There is a lot of coal left in West Virginia, but it’s uncertain how much will ever be mined. In the past three years 11,000 miners have lost their jobs, and coal tax revenue has dropped 40 percent, as the White House pushed for alternate energy. Some believe coal is still a viable industry.
“That being said, there will be coal needed. It will be at lower levels than it was before. Because there is a down town. A lot of the utility plants have switched from coal to natural gas,” said Sen. Joe Manchin, (D) West Virginia.
Because of that, Manchin supports natural gas pipelines across the state, but says there should also be increased demand for coal.
“The Department of Energy’s forecast is that coal’s going to be a major part of the energy mix of this country, up through 2040. So you have two-and-a-half decades,” Sen. Manchin said.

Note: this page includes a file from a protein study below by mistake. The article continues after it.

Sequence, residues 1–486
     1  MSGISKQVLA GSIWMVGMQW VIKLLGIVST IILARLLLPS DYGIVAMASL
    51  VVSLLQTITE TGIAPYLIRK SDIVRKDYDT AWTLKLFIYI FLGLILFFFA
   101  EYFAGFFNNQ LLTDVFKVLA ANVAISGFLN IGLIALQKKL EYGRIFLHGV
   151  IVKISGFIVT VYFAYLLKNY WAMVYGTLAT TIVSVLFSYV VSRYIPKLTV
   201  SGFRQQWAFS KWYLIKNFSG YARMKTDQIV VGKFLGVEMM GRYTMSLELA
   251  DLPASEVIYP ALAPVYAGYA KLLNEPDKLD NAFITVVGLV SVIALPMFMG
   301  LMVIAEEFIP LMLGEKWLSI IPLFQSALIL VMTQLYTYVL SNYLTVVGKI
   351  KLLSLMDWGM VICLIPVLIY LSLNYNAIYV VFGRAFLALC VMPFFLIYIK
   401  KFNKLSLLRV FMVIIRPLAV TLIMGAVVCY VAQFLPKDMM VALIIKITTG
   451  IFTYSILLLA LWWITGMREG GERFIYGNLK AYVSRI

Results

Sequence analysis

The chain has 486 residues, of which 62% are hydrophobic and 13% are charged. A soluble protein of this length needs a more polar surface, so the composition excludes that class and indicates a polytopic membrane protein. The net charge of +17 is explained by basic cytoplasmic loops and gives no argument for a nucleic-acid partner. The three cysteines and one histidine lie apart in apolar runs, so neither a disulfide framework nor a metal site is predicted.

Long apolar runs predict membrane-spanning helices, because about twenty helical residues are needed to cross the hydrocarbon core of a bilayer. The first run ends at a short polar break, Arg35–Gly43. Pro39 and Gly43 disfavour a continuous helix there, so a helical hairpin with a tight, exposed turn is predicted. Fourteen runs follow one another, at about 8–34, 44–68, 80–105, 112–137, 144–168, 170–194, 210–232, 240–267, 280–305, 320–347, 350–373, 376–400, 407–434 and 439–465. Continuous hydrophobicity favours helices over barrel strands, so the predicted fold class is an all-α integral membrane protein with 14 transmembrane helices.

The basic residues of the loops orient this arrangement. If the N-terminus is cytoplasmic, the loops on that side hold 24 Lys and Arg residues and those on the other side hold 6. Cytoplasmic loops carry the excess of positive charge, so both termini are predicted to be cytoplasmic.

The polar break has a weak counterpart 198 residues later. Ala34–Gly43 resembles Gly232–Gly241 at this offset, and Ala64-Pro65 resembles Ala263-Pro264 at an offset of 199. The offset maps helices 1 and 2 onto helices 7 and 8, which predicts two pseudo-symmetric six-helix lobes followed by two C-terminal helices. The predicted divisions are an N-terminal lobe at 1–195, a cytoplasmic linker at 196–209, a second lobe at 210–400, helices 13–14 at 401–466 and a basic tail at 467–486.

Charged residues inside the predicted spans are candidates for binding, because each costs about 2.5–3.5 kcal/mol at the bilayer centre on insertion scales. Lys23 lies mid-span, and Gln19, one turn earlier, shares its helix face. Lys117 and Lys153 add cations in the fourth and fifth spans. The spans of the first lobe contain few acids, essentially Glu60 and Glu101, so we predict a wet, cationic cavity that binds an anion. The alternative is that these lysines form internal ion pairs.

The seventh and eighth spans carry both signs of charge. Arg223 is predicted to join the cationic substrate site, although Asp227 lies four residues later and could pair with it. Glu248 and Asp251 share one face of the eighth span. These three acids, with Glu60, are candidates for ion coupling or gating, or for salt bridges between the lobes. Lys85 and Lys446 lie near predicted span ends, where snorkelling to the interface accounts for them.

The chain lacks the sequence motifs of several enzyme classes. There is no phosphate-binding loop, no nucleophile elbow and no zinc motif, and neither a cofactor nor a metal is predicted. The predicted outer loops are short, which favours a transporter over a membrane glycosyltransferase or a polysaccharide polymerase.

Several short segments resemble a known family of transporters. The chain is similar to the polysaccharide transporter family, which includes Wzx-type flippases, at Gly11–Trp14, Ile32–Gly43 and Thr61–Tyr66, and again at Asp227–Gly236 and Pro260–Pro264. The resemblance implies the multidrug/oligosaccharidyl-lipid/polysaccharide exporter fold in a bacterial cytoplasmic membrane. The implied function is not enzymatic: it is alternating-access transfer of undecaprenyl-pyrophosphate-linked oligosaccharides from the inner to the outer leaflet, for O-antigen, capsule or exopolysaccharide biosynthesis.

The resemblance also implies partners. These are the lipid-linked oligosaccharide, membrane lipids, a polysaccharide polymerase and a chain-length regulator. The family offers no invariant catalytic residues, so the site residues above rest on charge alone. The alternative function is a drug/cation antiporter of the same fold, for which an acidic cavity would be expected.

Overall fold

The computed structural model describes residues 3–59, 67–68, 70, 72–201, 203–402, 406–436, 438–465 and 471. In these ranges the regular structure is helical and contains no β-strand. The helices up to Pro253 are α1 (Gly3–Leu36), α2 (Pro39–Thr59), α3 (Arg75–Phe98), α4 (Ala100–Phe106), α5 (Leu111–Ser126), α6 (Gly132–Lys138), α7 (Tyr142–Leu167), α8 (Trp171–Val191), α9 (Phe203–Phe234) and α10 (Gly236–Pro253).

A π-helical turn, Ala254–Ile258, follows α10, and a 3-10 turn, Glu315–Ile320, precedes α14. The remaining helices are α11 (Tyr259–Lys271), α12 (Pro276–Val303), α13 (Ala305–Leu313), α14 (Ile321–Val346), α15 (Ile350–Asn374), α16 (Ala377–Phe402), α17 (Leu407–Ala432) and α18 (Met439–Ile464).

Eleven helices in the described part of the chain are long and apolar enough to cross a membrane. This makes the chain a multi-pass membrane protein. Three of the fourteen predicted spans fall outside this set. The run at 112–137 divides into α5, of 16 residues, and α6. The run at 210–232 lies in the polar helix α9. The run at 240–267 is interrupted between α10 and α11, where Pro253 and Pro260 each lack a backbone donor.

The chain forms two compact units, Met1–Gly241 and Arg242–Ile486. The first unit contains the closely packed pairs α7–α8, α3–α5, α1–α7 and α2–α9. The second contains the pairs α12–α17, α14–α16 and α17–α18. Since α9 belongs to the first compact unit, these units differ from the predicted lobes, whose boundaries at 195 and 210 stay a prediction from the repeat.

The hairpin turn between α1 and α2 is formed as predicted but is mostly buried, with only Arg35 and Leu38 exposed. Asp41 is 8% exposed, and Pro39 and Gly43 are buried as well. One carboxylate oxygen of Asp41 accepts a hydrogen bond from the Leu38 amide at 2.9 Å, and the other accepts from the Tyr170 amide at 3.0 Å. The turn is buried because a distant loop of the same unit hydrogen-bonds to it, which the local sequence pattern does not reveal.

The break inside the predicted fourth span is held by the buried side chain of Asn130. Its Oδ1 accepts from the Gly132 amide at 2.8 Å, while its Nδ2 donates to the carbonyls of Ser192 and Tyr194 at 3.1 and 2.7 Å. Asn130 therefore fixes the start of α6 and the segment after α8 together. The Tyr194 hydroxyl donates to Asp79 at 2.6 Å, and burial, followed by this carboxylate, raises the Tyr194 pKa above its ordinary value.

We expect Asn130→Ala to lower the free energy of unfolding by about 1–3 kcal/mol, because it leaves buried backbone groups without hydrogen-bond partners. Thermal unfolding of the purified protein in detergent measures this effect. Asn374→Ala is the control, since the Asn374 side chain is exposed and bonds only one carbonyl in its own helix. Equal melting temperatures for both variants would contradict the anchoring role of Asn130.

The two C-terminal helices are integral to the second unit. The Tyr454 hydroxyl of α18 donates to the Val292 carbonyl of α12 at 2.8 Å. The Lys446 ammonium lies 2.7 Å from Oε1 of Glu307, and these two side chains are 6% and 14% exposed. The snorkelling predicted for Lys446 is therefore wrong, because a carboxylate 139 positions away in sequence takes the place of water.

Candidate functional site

But the uncertainty and high unemployment among miners, is why some confronted former President Bill Clinton, while he campaigned for his wife Hillary in Logan.
“We don’t want your hand outs, we want to work,” shouted one protester.
The West Virginia Sierra Club, believes the decline of coal will continue, and leaders need to level with the public.
“The politicians in this state, right now, are feeding on that. They are feeding on the fear of what’s going to come next, fear that there’s not going to be anything to come next and they’re lying to people,” said Bill Price, from the Sierra Club of West Virginia.
The Sierra Club wants more focus on reclaiming abandoned mining lands, saying that will create new jobs.
“Have workers that already have the mining skills, that already have the skills around machinery that are needed,” said Price.
“The loss of the coal severance tax is one of the biggest reasons why West Virginia is now facing a $353 million dollar budget deficit,” said Mark Curtis, 7News Political Reporter.